In Above the Waterfall, Les is a sheriff on the eve of retirement just trying to keep the peace…find some peace…in his small North Carolina mountain town. Becky is an environmentalist with the streak of a poet working as a park ranger and taking refuge in the natural beauty of her environs. While high-end resorts push natives (both human and animal) to the fringes, meth poisons the town’s less hardy residents. Ron Rash, while ever vivid in his descriptions of his Appalachian universe, attempts to go poetic minimalist here, alternating POV’s between Les’ fact-based fatalism and Becky’s yearning artistry. This attempt to balance timely sociopolitical commentary (meth came after the 2008 crash) with a timeless aestheticism (one wonders if Rash is working on an Appalachian Poetry side project) threads thin…the polar opposite of the epic gothic complexity of Serena.
Unlike the meth, much of the novel feels undercooked, as if it began as a short story that Rash later fleshed out, and those who enjoy his modern short stories will connect to this more than those who lean towards his period-piece and cross-generational novels (such as Serena, The Cove or his earlier One Foot in Eden). I fall into the latter group, and thus had mixed feelings for this effort, especially as it devolved into a not-so-compelling and seemingly manufactured “who-dun-it” concerning the poisoning of trout.
There were, of course, as is always the case with Rash, moments of genius that leave indelible marks. Continue reading →
Our sweet-natured, sad-soul heroine Laurel anticipating her life to begin after a string of bad luck toiling away in the gloaming of the titular cove. Waiting for love to find her.
Hank, Laurel’s brother who has returned home from Europe after losing his hand, newly betrothed and anticipating a fresh life to begin outside of the shadow of his cursed homestead.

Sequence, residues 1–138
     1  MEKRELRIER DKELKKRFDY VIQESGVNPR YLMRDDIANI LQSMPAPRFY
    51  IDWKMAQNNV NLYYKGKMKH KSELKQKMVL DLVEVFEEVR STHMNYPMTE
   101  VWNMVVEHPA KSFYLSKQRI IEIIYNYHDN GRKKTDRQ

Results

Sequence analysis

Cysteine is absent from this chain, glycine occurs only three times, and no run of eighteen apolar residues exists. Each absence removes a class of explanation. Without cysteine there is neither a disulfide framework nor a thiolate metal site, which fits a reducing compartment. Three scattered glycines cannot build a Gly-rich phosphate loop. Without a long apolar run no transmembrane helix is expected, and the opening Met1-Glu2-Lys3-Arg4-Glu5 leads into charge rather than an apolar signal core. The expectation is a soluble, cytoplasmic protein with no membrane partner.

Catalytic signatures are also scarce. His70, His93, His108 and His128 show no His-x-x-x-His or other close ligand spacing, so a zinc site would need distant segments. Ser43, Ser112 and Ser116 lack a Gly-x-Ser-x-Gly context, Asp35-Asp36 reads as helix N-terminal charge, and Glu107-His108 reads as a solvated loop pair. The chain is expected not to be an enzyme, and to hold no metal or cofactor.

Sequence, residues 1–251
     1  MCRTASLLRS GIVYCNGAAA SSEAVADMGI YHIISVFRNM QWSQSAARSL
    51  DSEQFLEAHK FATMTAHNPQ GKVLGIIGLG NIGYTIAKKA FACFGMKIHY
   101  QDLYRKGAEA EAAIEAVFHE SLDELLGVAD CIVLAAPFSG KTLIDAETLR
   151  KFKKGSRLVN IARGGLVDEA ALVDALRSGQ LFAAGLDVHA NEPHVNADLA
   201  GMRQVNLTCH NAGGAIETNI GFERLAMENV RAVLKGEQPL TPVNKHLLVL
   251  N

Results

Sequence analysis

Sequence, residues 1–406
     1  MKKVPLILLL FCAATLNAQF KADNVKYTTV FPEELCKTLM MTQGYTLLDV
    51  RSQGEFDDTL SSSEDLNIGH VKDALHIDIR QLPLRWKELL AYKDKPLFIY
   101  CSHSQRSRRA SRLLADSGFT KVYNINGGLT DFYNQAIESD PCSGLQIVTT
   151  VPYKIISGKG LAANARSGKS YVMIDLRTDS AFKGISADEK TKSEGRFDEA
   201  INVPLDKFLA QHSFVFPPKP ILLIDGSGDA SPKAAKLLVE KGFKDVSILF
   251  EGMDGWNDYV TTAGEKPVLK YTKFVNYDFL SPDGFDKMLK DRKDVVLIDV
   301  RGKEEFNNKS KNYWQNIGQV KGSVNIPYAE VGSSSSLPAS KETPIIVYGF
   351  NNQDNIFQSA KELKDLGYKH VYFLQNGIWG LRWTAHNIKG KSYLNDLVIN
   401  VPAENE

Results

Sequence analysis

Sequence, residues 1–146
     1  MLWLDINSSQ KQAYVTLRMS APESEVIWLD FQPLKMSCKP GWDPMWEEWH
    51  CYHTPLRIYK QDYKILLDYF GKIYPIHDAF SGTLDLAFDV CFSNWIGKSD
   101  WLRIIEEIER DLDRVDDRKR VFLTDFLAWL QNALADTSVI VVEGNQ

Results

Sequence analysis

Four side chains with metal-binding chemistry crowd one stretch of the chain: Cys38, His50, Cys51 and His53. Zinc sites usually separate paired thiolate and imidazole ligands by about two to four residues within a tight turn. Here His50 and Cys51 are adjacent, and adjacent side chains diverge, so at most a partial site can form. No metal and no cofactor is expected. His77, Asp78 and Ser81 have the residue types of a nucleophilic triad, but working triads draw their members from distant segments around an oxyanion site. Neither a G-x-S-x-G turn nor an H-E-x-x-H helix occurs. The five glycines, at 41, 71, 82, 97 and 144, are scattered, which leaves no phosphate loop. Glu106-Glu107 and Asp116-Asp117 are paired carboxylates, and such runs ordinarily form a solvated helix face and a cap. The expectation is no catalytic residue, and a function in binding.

The handsome flute-playing mute named Walter who finds his way into the cove and into Laurel’s heart always looking over his shoulder anticipating his good luck to run out and his past (and the authorities) to catch up to him.
A nation anticipating their native sons to return from a war-torn Europe to safer shores.
The reader anticipating something…anything…interesting to happen in Ron Rash’s lukewarm but evocative Southern-spun WWI-era gothic romance. Don’t worry…it does…eventually.
It’s telling that Rash would follow-up his masterpiece, Serena, with a novel drenched in atmosphere and taking place in a gloomy hollow, eternally in the shadows of the Appalachian mountains (the same mountains where in Serena the Pemberton timber empire loomed ominously and supreme) which cast darkness on the hearts of the inhabitants there. It’s almost as if Serena Pemberton is casting the greatest shadow, as Rash will never be able to conjure a character to match her nor can one imagine a follow-up novel that could scale the same mythic heights. Continue reading →
With his ambitious novel, Serena, Ron Rash creates a new American legend.
The Great Depression enshrouds the nation. In the Western Carolina highlands, George Pemberton and his indomitable new wife, Serena, are forging a powerful timber empire come hell or high water. If someone or something gets in their way…there will be blood. This is the milieu of dread where Ron Rash’s new novel, Serena, lingers. Three things soon stand in Serena’s path: her husband’s bastard child, Jacob; the child’s young mother, Rachel Harmon; and a groundswell of conservatism looking to incorporate the Pemberton timber tracts into a national park. Thus two women come at a crossroads, both empowered by their innate wills to survive: Serena feasting off her insatiable greed while Rachel is driven by the unstoppable love for her child. Continue reading →